Buying the Cebek motors and new piece of thinner white felt today. We have to start the final prototype of this week. We have decided to laser-cut a new one. Booked our time at FabLab. 4pm. Due to the lack of time we agree to fabricate the wearable with identical digital pattern, this time without the elbow perforations. Electronic circuit on the breadboard with jumping cables is unstable so we agree to build a PCB shield on the top of the Arduino board and solder all wires onto it, so it can function while someone has the prototype on. New vibration motors need to have a protective cases which can be integrated into the felt. Using the transparent orange 3mm acrylic glass, we laser cut 5-piece box with simple joints, one for each motor. All laser-cut parts are complete by 6pm. Openings for motors are cut manually, small circle supports for motors are glued from the inside. Motors are being placed on to the felt parts which cover the most active areas - hands, elbows and shoulders.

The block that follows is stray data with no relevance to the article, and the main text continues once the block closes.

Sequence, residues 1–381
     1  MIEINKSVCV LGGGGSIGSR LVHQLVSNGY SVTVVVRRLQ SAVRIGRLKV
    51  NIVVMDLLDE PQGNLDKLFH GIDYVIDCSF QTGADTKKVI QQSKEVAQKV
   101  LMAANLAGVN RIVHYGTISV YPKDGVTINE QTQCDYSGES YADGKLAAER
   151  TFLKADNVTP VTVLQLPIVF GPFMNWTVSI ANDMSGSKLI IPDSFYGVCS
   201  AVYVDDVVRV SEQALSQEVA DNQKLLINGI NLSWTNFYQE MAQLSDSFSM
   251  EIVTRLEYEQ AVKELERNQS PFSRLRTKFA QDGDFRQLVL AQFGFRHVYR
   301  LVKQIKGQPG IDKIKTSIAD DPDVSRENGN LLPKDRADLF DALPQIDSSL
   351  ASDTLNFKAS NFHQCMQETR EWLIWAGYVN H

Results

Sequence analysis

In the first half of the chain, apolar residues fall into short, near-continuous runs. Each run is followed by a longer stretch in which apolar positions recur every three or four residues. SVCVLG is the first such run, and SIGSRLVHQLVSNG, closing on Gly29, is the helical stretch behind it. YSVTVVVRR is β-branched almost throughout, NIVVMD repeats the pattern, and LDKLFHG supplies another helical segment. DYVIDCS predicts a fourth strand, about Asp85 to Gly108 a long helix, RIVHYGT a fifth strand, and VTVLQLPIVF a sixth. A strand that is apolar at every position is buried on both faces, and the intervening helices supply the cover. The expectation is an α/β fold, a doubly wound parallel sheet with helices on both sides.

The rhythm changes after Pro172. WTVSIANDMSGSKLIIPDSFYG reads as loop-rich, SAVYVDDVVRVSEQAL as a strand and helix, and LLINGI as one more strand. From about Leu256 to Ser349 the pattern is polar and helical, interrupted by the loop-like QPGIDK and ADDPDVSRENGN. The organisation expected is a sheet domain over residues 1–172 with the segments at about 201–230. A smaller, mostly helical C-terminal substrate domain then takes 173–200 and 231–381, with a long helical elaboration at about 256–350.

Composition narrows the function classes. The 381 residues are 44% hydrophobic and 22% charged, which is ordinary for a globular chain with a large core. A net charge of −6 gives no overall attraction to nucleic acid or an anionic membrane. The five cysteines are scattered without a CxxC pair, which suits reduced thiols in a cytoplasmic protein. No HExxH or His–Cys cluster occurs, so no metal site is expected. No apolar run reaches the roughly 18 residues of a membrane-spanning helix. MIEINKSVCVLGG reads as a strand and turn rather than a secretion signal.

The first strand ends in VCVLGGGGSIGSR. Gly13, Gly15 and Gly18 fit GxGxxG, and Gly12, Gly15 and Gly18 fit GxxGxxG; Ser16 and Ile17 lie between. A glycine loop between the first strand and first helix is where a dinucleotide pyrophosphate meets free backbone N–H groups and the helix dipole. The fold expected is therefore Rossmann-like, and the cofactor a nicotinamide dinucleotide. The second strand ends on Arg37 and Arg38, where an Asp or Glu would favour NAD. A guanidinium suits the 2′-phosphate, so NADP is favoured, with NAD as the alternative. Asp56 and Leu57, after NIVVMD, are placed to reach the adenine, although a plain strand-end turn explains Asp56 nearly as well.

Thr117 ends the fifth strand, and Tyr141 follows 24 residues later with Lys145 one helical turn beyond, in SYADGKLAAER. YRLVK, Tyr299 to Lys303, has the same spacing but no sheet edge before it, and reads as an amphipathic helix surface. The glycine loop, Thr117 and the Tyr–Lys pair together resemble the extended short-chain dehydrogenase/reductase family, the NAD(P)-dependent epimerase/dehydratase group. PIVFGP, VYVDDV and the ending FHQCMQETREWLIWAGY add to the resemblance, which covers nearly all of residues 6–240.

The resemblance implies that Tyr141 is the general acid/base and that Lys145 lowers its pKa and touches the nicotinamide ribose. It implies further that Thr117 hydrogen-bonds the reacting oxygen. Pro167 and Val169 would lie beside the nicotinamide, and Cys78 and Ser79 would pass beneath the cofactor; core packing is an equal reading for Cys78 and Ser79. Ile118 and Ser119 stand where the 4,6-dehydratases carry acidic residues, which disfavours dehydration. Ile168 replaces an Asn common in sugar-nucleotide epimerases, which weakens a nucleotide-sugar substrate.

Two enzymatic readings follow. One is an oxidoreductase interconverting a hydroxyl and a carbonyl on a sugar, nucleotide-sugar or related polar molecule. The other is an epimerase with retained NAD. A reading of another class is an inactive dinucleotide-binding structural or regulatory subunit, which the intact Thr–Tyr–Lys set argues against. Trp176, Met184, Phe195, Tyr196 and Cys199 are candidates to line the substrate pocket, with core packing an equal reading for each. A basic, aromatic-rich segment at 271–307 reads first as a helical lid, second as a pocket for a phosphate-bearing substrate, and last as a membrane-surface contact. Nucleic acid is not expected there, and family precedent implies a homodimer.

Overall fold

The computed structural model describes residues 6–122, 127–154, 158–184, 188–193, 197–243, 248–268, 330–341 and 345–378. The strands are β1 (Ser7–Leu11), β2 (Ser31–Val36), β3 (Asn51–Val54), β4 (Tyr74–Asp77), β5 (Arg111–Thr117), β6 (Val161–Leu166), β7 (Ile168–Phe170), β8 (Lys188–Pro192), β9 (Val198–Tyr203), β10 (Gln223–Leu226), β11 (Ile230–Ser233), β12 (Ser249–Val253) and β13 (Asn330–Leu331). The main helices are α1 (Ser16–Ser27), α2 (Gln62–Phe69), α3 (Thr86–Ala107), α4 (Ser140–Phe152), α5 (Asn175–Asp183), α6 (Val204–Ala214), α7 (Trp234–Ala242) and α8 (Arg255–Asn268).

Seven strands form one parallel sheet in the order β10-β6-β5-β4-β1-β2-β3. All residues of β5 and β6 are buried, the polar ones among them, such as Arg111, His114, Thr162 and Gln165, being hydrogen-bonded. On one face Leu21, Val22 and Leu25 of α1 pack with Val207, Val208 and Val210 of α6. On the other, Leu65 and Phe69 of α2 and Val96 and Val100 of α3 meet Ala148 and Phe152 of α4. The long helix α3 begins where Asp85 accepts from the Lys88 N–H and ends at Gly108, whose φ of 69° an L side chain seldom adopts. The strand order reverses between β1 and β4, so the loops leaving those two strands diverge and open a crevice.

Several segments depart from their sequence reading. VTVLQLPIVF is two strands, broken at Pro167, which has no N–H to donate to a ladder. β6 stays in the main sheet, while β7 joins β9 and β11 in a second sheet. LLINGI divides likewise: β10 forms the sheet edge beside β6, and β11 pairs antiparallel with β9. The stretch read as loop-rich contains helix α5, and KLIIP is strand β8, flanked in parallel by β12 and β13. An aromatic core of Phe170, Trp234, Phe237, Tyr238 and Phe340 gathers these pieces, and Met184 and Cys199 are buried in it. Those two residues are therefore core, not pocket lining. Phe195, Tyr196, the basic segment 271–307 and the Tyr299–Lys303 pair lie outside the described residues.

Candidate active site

Friday, March 15, IaaC